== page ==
Thursday, July 5, 2012

Teaching Kids about Pluralism and Atheism

On the last day of our recent trip to San Francisco, we stayed in a humble cookie-cutter Holiday Inn Express near to the airport.  It was utterly nondescript, and completely functional, as it was shoutin' distance from where we'd need to be the next morning.

As we were packing up that morning, I I often do in hotel rooms...the drawer of the nightstand between the two queen beds.  In the drawer was a Yellow Pages and the inescapable Gideon's Bible, but there was also something else.  This being San Francisco, there was also a copy of the Bhagavad Gita, distributed by the followers of a Hindu holy man whose slightly scowling visage appeared on the back.

It was kind of cool, thought I, and so I pointed the books out to the family.  The boys asked me why the books were there, and I told them about the Gideons.  I've always felt that just leaving a Bible out doesn't really open up the kinds of conversations that really get to the heart of faith, but then again, it doesn't hurt, either.  So long as the hotel gives permission, it's fine.

I talked about how in the same way that the Gideons had the right to share the holy books of our faith, the Hindus who put their book in the drawer were equally empowered to present their belief system.  I talked about the importance of respecting others, and noted that it was all part of what made our country great.

I read through the Bhagavad Gita for a had been a while...and then absent-mindedly began to leaf through the Gideon's Bible.  It was then that I noticed that the Bible had been defaced with a large sticker, applied by an atheist to the interior front cover.  It was a leaving of the Freedom From Religion Foundation, that group of anti-theists who make it their business to be as unproductively aggressive as possible in their attack on faith.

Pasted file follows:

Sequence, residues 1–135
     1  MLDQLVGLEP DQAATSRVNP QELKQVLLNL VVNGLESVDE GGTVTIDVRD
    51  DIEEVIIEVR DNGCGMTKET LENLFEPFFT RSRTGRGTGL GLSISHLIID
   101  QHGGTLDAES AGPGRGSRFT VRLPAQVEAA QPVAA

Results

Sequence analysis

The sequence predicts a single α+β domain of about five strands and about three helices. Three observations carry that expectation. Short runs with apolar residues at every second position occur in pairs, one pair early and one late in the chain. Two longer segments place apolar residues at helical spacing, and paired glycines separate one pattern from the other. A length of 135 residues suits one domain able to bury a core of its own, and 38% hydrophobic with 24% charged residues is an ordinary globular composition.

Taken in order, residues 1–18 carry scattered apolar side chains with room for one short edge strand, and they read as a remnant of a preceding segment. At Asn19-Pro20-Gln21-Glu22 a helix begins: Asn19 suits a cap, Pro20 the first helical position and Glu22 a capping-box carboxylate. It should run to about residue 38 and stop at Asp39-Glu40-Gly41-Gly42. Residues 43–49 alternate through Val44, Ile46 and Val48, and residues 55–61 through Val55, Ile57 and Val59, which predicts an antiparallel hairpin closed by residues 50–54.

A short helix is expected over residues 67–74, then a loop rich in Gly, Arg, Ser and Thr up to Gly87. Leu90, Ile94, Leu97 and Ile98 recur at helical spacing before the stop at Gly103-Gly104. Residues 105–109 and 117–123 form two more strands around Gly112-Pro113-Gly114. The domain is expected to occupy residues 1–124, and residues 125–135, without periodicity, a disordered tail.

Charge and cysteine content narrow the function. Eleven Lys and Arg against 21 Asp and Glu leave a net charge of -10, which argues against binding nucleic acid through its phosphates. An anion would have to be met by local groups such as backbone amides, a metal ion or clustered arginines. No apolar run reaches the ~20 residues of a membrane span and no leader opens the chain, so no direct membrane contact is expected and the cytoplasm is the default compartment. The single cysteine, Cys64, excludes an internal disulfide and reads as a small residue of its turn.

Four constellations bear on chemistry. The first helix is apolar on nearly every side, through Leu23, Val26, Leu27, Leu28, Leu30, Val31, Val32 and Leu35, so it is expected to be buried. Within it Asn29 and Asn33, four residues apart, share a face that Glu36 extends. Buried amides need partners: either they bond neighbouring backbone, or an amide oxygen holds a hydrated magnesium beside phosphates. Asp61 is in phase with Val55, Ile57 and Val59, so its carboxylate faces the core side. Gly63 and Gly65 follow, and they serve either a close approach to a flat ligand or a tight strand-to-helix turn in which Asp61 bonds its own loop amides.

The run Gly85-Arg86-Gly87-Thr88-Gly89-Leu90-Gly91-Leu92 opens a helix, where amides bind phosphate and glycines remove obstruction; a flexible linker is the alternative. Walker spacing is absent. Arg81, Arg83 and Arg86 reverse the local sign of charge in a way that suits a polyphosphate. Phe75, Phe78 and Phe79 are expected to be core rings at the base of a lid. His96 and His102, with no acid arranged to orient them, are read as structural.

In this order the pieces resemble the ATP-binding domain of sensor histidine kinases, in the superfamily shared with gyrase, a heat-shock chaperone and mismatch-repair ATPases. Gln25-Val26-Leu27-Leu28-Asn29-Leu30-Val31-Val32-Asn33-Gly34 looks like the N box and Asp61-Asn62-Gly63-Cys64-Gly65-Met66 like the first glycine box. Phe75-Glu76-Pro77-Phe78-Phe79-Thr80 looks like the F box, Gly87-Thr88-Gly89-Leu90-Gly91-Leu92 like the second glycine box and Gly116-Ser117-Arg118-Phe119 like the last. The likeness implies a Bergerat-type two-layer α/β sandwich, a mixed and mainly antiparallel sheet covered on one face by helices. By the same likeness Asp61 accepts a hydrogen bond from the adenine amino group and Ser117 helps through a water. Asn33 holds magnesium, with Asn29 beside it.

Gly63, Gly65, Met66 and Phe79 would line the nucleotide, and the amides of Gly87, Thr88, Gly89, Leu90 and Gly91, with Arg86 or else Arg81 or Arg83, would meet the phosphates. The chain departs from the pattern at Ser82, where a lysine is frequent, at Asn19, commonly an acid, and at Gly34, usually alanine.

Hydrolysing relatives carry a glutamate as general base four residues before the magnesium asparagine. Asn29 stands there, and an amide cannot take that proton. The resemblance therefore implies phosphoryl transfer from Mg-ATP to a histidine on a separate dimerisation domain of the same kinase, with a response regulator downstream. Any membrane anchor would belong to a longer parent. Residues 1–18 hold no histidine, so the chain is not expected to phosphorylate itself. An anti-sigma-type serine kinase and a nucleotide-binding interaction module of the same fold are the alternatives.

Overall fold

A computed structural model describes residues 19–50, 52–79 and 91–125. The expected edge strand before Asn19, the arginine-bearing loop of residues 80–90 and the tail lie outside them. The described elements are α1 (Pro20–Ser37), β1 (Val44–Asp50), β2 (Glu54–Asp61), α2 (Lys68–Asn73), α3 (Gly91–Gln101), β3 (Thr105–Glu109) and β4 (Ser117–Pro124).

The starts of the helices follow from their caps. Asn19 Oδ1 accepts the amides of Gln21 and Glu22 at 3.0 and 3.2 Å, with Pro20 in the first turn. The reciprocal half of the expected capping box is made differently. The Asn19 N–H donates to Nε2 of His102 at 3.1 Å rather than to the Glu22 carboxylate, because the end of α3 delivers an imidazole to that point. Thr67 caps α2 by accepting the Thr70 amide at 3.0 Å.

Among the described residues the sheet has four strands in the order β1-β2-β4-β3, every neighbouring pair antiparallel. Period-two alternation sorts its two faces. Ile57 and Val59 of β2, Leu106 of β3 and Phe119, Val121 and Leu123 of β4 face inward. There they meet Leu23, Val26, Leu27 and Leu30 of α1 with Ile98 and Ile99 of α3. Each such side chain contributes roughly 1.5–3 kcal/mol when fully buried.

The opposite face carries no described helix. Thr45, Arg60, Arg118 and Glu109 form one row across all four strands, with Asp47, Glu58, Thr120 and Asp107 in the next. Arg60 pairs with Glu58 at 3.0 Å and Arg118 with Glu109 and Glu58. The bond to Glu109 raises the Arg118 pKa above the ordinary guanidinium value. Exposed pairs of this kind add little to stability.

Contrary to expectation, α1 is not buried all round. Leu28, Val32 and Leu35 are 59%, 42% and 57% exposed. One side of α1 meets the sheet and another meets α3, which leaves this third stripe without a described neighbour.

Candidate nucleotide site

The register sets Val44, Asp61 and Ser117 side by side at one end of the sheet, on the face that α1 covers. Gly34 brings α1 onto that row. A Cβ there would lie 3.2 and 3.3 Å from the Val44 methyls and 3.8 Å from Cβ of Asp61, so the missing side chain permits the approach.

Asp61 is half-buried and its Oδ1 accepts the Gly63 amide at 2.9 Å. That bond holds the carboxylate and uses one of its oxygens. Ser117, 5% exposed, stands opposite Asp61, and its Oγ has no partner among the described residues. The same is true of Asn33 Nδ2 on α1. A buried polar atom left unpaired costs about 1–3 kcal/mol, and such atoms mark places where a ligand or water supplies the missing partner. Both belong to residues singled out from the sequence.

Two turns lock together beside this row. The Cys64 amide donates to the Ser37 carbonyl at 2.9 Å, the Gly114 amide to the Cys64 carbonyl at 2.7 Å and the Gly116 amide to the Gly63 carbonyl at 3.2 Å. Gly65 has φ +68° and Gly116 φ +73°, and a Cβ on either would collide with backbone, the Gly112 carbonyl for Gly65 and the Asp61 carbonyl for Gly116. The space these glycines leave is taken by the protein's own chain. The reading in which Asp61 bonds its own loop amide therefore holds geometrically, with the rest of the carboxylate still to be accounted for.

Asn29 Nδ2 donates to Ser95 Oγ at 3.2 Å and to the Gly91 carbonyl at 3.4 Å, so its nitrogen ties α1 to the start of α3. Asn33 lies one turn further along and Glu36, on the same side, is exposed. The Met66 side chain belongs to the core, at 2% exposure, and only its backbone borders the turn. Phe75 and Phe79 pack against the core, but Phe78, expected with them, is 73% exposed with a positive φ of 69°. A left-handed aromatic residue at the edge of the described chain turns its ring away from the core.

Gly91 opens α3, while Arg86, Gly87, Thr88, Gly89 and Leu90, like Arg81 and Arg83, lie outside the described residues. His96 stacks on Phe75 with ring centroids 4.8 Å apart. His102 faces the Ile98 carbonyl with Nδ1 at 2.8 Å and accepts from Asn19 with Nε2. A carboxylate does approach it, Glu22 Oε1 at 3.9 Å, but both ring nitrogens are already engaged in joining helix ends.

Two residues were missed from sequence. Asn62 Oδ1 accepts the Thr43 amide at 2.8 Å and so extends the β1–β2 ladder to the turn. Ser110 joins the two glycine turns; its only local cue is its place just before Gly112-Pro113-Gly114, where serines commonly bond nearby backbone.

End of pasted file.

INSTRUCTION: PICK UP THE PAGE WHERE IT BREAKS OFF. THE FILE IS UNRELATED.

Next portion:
The sticker itself was the usual diatribe, this one focused on attacking Gideon as a biblical character.  It was oddly irrational...the Gideons don't do what Gideon did, not being impromptu military leaders in a loose tribal federation and all...but this is typical of anti-theist rhetoric.  "Did you know that [insert name of figure from religious tradition here] was the most horrible person who ever lived?"  It would have been offensive, and it did cheese me off a little bit, but there was no point in growling umbrage.   Instead, as with all things, it served a very helpful teaching purpose.

I showed my Jewish/agnostic kids the sticker, and asked the boys what they would have thought about a Christian who had come into the room and defaced the Bhagavad Gita.   They thought that would be obnoxious.  I asked, then, if that would be any different from what this group had done.   Both boys concurred that there was this kind of activity was done by individuals who were best described as...well...both used a word that I think perhaps George Takei puts best.

I asked them, then, if atheists were all that way.  One of my boys said, no, and talked about a friend who didn't believe in God and who wasn't religious in any way.   I asked him if his friend was mean and disrespectful to those who were different.  No, of course not, said my son.  He would never do this.  You see, said I, not all atheists are like this.  I reminded them of family members who are atheists, and asked if they were obnoxious, angry people.   No, of course not, they said.  They just don't believe in God.

That lead to a short conversation about how faith...real faith, not reflexive a challenging thing.  It isn't easy, or simplistic.   I also reminded them that an output of any authentic faith...and, frankly, the genuine application of a deep compassion for other sentient beings.

Which is something that fundamentalism and atheism often struggle with, in equal measure.